Saturday, March 23, 2013

Rerun: Aaron Zenz's Creative Space

Spring is here (although it doesn't feel like it in my neck of the woods as we're having what looks to be our biggest snow storm of the season). Spring makes me think of baby animals, and baby animals makes me thing of Chuckling Ducklings by Aaron Zenz, and so I thought I'd rerun his Creative Spaces interview today. His companion book I Love Ewe: An Ode to Animal Moms was recently published and a second companion book Hug a Bull: An Ode to Animal Dads will be published in April.

I hope you enjoy!

Aaron Zenz is the author/illustrator of Chuckling Ducklings and Baby Animal Friends and The Hiccupotamus, and the illustrator of the Howie the dog "I Can Read!" series (written by Sara Henderson), Nugget on the Flight Deck (written by Patricia Newman), Skeleton Meets the Mummy (written by Steve Metzger), and numerous other books.

He is also the host of my favorite picture book review blog, Bookie Woogie where he reviews children's books with the Z-Kids (his children). Here's the description from their blog: "Here at Bookie Woogie we pick our favorite books, review them, and create some accompanying fan art.  We'll alternate week to week between new releases discovered at our local library and older favorites from our own personal collection." It's fantastic--there is a transcript of their conversation about the book and the children's artwork inspired from the talk. It's such a fantastic example of how to make books a family affair and chronicle great childhood moments at the same time.

To learn more about Aaron Zenz visit his website.

Describe your workspace.

I am fortunate to have a whole room in our house to claim as my workin' place.  It is full of my favorite things. . . favorite books, favorite knickknacks, prints from my favorite artists.  It's as if a bit of what goes on inside my head all day leaked out into the room.

I have drawings from my kids lining all around the ceiling.

I have a nice window with a green leafy view.

We have bookshelves all over the house. . .

I believe there are 10 big bookcases in all, and every inch of them is tightly filled.

My room has a bookcase housing my favorites, and the girls' room has a wall of shelves where the majority of our children's book collection resides.

We have over 3000 titles in just the children's book collection alone.  We love books!

Describe a typical workday.

I work a self imposed third-shift.  I have six wonderful kids, and my lovely wife homeschools them.  And I work from home.  So we are all home, all the time.  I've tried on numerous occasions over the years to get work done during the day, and it just doesn't happen.  About 5 years ago it dawned on me that I had the freedom to set any schedule I wanted.  So I work the "other" 9 to 5...  that is, 9 at night 'til 5 in the morning. . . and then I sleep until around noon.  After that I'm up and can be with the family for the whole rest of the day.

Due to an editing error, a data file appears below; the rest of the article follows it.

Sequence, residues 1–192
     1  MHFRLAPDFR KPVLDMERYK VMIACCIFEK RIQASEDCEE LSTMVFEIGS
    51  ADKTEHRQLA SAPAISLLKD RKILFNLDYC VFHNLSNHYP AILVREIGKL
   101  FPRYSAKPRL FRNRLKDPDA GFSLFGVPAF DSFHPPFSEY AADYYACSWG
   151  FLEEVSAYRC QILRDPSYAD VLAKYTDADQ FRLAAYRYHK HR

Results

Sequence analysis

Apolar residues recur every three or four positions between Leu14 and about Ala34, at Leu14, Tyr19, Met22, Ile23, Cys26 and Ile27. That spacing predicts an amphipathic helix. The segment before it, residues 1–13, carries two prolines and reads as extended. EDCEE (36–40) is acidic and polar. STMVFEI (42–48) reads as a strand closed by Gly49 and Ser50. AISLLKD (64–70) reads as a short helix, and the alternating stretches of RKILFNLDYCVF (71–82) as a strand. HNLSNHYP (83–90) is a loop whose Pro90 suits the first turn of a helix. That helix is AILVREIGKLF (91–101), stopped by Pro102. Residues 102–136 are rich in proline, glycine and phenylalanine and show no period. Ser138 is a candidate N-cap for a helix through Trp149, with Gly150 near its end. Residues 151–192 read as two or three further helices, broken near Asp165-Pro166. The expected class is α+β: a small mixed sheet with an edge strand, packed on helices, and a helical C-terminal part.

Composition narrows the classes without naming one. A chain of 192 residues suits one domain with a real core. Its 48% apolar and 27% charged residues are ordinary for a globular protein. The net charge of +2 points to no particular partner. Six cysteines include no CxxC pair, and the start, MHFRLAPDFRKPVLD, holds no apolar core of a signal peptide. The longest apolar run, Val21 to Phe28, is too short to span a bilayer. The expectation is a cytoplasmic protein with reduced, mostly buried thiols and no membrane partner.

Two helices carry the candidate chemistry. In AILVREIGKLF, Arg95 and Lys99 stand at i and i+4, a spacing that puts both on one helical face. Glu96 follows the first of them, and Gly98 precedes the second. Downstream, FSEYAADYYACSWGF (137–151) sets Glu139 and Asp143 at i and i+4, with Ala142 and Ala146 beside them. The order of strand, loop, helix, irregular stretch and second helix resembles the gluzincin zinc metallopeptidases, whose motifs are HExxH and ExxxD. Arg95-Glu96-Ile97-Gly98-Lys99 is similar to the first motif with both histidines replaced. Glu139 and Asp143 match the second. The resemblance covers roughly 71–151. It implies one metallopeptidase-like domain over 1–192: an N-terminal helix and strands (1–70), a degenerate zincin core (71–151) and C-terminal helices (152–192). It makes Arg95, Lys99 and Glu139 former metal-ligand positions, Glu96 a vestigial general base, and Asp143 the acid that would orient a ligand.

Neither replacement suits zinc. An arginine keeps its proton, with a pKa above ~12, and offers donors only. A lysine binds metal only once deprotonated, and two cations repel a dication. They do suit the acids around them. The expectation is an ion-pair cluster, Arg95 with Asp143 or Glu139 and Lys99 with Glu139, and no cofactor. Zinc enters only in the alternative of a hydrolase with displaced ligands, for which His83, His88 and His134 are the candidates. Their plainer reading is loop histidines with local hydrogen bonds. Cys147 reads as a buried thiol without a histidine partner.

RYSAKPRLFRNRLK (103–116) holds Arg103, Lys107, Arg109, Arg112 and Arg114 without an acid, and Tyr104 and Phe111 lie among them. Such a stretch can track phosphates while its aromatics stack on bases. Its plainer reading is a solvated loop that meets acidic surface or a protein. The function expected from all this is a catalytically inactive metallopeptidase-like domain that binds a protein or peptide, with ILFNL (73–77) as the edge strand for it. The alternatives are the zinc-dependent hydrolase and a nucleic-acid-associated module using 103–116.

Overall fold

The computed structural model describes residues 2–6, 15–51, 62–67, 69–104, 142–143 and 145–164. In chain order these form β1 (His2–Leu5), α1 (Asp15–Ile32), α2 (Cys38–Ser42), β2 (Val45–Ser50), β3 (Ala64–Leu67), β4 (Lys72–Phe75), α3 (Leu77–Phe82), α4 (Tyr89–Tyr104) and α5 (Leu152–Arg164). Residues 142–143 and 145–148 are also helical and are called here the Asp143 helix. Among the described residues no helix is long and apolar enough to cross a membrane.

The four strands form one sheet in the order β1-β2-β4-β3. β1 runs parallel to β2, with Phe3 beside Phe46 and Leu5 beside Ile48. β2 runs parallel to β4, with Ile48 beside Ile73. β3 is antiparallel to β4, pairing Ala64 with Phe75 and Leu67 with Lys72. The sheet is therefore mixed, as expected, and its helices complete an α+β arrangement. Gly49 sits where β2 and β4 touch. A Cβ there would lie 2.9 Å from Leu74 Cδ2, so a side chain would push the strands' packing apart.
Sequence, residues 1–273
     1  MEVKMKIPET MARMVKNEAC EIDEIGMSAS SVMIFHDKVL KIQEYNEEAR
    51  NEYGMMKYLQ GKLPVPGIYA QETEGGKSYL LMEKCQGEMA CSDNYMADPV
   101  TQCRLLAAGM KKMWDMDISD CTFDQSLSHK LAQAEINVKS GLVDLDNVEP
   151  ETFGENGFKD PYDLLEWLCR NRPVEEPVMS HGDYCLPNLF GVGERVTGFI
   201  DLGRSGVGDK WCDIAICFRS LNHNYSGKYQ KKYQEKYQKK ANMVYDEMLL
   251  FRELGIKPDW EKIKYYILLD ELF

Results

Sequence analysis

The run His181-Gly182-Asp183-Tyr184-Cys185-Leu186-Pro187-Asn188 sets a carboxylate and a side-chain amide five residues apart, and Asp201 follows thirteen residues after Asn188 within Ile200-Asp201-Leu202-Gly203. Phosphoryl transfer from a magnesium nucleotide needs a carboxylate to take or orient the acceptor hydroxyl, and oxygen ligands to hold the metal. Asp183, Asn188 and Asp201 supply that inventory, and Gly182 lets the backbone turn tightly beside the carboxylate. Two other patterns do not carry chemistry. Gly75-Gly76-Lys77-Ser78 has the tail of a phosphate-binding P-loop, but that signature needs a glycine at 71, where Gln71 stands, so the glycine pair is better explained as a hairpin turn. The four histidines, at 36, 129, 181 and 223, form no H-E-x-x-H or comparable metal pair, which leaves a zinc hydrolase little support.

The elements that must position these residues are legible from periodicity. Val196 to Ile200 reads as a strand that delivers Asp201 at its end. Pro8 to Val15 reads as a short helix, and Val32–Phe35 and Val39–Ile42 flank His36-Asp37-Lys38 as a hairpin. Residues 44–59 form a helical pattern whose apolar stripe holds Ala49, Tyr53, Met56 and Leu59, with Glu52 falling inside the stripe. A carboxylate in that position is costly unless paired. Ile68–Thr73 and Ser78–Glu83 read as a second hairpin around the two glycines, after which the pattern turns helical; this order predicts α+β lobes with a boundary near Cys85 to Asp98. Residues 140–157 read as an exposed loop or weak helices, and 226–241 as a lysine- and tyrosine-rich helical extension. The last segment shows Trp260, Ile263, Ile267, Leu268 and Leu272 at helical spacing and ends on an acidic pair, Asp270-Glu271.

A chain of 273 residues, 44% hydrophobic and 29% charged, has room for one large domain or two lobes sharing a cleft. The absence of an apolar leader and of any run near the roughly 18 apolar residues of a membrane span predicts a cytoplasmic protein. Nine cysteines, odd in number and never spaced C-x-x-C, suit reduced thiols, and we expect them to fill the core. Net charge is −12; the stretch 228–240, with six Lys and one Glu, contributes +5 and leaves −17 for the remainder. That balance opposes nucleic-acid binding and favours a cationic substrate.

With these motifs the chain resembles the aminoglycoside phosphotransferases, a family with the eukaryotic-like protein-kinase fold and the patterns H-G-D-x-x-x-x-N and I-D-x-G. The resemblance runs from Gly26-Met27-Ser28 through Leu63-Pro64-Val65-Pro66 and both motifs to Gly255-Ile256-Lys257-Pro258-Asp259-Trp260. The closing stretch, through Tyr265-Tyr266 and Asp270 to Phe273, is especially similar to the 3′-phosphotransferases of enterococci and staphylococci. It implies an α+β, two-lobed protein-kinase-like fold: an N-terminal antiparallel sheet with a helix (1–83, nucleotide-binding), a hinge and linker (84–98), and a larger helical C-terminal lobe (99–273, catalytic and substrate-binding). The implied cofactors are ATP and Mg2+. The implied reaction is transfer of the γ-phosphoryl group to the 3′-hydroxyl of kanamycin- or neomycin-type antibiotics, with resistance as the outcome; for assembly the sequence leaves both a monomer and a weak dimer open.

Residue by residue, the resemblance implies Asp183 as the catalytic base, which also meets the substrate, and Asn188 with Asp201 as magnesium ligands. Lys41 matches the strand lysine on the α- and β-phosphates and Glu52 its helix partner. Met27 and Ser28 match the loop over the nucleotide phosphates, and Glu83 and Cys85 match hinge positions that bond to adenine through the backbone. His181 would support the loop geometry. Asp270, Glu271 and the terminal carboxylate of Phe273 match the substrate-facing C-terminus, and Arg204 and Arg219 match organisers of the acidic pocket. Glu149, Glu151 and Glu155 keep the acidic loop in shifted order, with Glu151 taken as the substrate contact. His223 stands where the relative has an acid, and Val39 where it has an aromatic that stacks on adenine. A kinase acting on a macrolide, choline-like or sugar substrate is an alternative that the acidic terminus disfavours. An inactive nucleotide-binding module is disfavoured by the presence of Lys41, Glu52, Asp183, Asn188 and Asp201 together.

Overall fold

It's great!  I get to work while it's quiet.  The family gets to have me around longer than if I were holing myself away during typical daytime work hours.  It works out swell for everyone!

List three of your most favorite things in your workspace and why they are meaningful.

I'd have to pick some treasures that my kids made me...

I love this set of Fraggles that Gracie cut out for me:

This lizard that Isaac sculpted for me is pretty cool:

And it may not seem like much, but this simple cloud that Lily painted once-upon-a-time has been a particular bright spot for me during difficult times:

Do you have any work habits? If so, describe them.

I am very much an "attack one thing at a time" kind of person.  I'm the guy that works his way around the dinner plate, eating each item in turn.  This shows up in my working life in a few different ways.

I like to wrap things up neatly in single sessions.  So rarely will I leave  part of an illustration unfinished to pick up the next day.  I'll work an extra hour or two in order to get something done on the day I started it.  Or I'll quit a little early rather than get part-way through the next item on the list.

I also tackle projects one at a time.  I may do the all sketches for one book, then all the final art for another book, and then back to the final art for the first book.  But I really can't overlap.  I can't alternate between sketches for one and final art for another over the same period of time.

What do you listen to while you work?

During the writing, designing, sketching, planning stages I have to work in silence.  But when I launch into creating final artwork, I don't have to be as focused.  Then I like to listen to a wide variety of things.  I listen to audio books.  I'm a huge fan of movie scores, so that's where I turn if I'm feeling musical.  I listen to a lot of podcasts: A Way With Words, This American Life, Studio 360.  Lately I've been listening to the sermons of John Piper online.

What is your drink and/or snack of choice while you’re working?

I'm a cereal guy.  I always eat a big dinner with the family.  But other than that meal, I chow on cereal all throughout the rest of the day.

What keeps you focused while you’re working?

If everyone else in the house is asleep, I have no problem keeping focused on work.  I easily plow straight through the night.

Do you write longhand, on a computer, or another way?

I start out with lots of notes scribbled on scraps of paper.  But when it comes time to pull it all together, I type it up on the computer.

How do you develop your story ideas? Do you use an outline, let the muse lead you, or another technique?